Obed Owusu-Addai — Managing Campaigner, EcoCare Ghana
Obed Owusu-Addai — Managing Campaigner, EcoCare Ghana

Chocolate industry grows but poverty among farmers persists — Report

The fifth edition of the Chocolate Scorecard (2024) has revealed significant growth in the chocolate industry.


The industry's forecasted revenue grew by 5.6 per cent last year, surpassing global economic growth estimates of 2.6 per cent, and it is expected to generate around $254 billion this year.

The improvement notwithstanding, key challenges such as farmer poverty remain unaddressed posing serious concerns. The Chocolate Scorecard is a report that evaluates global chocolate traders, manufacturers, brands and retailers against seven markers: traceability and transparency, Living income, child labour, gender equality, deforestation and climate, agroforestry and agri-chemical management.

By evaluating companies on social and environmental criteria, the Chocolate Scorecard provides valuable information for consumers to make ethical purchasing decisions and incentivises companies to improve their performance in these areas.

It is coordinated by Be Slavery Free, a non-governmental organisation (NGO), in collaboration with various stakeholders and aims to promote transparency, accountability and responsible practices within the industry. 

Key findings

According to the scorecard, improvements in traceability were evident in response to the European Union Deforestation Regulations (EUDR) yet achieving full EUDR compliance remains a work in progress.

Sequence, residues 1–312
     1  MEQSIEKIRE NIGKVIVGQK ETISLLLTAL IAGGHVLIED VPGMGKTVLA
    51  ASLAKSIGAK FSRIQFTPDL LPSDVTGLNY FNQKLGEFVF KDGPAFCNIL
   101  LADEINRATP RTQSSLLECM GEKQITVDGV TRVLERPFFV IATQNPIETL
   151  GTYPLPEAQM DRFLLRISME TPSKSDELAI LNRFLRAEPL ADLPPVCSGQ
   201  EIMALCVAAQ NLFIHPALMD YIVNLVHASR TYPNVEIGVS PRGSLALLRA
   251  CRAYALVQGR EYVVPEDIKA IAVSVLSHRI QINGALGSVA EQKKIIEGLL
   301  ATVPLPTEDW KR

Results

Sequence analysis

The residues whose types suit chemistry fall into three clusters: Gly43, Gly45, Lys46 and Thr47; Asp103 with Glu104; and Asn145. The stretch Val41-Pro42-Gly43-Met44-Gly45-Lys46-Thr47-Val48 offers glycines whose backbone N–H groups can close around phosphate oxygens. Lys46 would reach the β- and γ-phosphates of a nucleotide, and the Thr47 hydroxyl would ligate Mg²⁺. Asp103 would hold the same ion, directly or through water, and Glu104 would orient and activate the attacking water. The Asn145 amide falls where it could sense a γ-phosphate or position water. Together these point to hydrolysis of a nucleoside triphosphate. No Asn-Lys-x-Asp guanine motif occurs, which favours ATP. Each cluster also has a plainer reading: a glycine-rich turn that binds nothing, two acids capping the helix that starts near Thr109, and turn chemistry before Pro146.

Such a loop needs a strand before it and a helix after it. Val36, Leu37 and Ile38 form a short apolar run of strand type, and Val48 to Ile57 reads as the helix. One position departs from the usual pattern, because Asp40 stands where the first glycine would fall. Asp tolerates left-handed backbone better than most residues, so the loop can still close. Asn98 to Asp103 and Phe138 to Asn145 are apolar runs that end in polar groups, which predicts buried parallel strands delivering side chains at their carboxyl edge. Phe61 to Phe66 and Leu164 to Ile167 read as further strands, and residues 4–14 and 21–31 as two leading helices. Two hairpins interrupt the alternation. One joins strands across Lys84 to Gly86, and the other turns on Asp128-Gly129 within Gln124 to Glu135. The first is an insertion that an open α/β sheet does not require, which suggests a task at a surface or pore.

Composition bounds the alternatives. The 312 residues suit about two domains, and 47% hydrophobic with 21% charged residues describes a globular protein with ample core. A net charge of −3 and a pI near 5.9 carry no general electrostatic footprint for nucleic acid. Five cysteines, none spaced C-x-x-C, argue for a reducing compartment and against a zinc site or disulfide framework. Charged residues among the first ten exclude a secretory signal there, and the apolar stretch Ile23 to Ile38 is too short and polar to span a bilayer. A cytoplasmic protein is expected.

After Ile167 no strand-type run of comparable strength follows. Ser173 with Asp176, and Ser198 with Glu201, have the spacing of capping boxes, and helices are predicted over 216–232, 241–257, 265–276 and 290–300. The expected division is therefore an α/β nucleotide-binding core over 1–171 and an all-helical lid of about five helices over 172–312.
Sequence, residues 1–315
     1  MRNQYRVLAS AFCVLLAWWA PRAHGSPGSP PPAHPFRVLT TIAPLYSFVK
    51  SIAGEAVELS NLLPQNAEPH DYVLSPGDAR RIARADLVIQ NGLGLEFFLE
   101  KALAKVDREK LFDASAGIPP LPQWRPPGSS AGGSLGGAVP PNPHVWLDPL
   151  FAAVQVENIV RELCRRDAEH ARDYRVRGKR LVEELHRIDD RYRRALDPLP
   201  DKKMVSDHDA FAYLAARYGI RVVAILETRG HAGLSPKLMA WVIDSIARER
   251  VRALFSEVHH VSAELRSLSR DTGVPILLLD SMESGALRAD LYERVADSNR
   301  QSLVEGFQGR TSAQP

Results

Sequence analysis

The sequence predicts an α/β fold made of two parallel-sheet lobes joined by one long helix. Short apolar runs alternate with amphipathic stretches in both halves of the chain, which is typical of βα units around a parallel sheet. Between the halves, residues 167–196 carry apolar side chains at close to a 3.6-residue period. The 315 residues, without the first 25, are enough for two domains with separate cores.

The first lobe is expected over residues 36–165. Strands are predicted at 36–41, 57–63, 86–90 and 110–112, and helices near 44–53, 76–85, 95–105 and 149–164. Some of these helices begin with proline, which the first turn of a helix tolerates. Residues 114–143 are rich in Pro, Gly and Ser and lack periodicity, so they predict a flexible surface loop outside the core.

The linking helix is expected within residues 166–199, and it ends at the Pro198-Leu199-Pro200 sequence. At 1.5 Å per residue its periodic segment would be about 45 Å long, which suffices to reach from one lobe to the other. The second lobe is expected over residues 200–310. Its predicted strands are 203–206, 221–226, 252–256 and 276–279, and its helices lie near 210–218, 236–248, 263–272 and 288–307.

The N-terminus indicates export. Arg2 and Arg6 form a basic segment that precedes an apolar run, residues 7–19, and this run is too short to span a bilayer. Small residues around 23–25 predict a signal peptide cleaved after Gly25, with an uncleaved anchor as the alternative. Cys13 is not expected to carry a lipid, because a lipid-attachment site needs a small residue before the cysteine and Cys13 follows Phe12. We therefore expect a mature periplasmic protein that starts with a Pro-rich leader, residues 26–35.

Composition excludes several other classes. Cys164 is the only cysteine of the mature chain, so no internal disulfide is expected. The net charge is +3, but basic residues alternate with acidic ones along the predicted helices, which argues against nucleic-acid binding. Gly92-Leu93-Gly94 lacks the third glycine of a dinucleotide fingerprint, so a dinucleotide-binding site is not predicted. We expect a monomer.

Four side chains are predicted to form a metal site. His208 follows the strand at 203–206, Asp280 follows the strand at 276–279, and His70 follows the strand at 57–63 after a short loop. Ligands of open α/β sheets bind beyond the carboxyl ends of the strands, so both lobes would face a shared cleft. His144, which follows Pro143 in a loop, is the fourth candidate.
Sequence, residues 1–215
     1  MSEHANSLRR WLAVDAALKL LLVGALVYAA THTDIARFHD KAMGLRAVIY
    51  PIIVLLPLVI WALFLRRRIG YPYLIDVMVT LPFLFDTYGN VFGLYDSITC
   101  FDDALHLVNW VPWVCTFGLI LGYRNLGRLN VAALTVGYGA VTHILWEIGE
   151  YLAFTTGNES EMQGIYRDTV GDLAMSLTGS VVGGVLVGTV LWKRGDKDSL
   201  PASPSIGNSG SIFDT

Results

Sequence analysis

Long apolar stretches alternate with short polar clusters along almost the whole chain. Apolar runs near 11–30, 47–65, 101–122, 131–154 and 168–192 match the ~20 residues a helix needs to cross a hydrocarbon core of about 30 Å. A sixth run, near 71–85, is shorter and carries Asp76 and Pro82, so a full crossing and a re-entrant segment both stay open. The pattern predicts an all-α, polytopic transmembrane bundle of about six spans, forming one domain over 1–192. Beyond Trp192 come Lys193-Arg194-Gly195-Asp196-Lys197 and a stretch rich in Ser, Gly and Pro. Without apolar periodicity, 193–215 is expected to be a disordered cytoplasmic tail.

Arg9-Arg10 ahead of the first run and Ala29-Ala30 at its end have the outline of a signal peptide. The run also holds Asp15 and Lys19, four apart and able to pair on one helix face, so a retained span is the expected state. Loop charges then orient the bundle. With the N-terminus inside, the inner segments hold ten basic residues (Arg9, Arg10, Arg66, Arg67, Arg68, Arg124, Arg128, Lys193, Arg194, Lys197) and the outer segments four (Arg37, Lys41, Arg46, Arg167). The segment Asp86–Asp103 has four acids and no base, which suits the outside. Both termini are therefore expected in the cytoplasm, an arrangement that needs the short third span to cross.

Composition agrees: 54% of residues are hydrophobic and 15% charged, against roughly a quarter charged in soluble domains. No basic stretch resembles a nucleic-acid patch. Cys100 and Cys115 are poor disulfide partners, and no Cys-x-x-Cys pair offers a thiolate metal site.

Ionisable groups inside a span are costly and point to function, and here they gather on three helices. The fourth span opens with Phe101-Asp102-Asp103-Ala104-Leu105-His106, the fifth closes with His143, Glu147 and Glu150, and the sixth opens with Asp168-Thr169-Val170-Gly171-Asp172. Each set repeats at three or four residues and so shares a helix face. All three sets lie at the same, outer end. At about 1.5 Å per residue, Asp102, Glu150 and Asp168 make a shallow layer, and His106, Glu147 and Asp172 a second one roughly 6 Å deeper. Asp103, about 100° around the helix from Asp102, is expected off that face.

It said companies were increasingly aware of their responsibility to ensure farmers get a decent income from cocoa, yet too many farmers remain in poverty. It further said child labour responses were increasing in effectiveness but the road to elimination was still fraught with issues mainly due to the lack of a scale of programmes. 

The scorecard also disclosed that a significant percentage of large chocolate companies were not yet deforestation compliant, despite the majority of companies indicating that they have a policy or commitment to no deforestation. 


The scorecard recommends that governments, NGOs, companies and consumers must work together to ensure that farmers are supported in meeting the requirements for EUDR compliance and are compensated fairly for their efforts.

“Companies must also work towards reducing their pesticide use and implementing more sustainable farming practices. It will take a concerted effort from all stakeholders to achieve these goals, but the future of the industry and the planet depends on it," it added.

Living income

At the launch of the scorecard in Accra, the Managing Campaigner of EcoCare Ghana, Obed Owusu-Addai, said it was encouraging to see that a majority of respondent companies (83%) recognised a living income as a basic human right.

He noted, however, it was concerning that only six companies were paying 100 per cent of their farmers a Living Income Reference Price. “The chocolate industry must continue to prioritise sustainability, fair labour practices and environmental conservation.” 

This includes ensuring fair compensation for farmers, promoting responsible sourcing practices, reducing pesticide use, and safeguarding against any child or forced labour and deforestation,” he said.

He added that legislations such as the European Union Deforestation Regulation (EUDR) and consumer awareness which have led to demand for ‘better’ chocolate is driving positive change in the industry. 

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